Using Social Networking To Fight Weight Problems : Parent and Teen Connection

Using Social Networking To Fight Weight Problems

December 7, 20120 Comments

It may seem counter intuitive, but if you’re dealing with weight issues at your house, it may actually help your child if you allow him or her to spend more time on the computer. A new study by the American Heart Association suggests that social networking can provide the ideal support group for your child in a situation where weight loss has become a must.

Social media may help fight childhood obesity

Social media may be an effective tool to help children overcome obesity External link, according to a new American Heart Association scientific statement.

The statement is published online in the association’s journal Circulation.
“Online communication and social media are an increasing part of our lives and our overall social network of family, friends and peers,” said Jennifer S. Li, M.D., M.H.S., chair of the writing group. “Healthcare providers should embrace its potential as a tool for promoting healthy behavioral change.”
The writing group evaluated research on Internet-based interventions to lose weight, increase physical activity and improve eating habits.
“The studies we looked at suggest that more parental involvement and more interaction with counselors and peers was associated with greater success rates for overweight children and teens who participated in an online intervention,” said Li, division chief of pediatric cardiology at Duke University Medical Center in Durham, N.C.
Variables that influenced success were whether the rest of the family was involved in the intervention, the degree of back-and-forth communication and feedback with a counselor or support group, and the frequency with which kids and adolescents logged on and used the programs.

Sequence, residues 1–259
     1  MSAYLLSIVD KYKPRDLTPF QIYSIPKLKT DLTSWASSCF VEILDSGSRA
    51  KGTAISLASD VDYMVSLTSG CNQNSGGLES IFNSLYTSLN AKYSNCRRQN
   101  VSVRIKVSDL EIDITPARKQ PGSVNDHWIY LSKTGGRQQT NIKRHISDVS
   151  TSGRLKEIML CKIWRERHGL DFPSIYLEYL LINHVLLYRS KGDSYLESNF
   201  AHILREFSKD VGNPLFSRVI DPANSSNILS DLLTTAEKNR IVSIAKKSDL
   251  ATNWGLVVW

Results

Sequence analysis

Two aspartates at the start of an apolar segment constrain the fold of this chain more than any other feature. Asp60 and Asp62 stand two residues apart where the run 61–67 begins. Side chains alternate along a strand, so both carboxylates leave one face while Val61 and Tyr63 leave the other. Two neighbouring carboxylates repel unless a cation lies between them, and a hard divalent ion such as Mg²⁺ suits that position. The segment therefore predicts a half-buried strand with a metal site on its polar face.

People who are overweight or obese tend to share a home or spend their leisure time with others who are overweight or obese, according to research.
“Athletes tend to hang out with athletes, and overweight kids hang out together so they reinforce each other’s eating habits or preferences for recreational activities,” Li said.
About 95 percent of 12- to 17-year-old children have Internet access at home and/or in school, so online social network health interventions should be explored as an effective way to prevent or manage excessive weight, Li said.
Read the full article at Heart.org.
While your child clearly doesn’t need to spend all of his or her time online, connecting with others in the same situation may be a powerful weight loss motivator, helping offer that much needed boost to a healthier life.

Using Social Networking to Fight Weight Problems


Source: Heart.org

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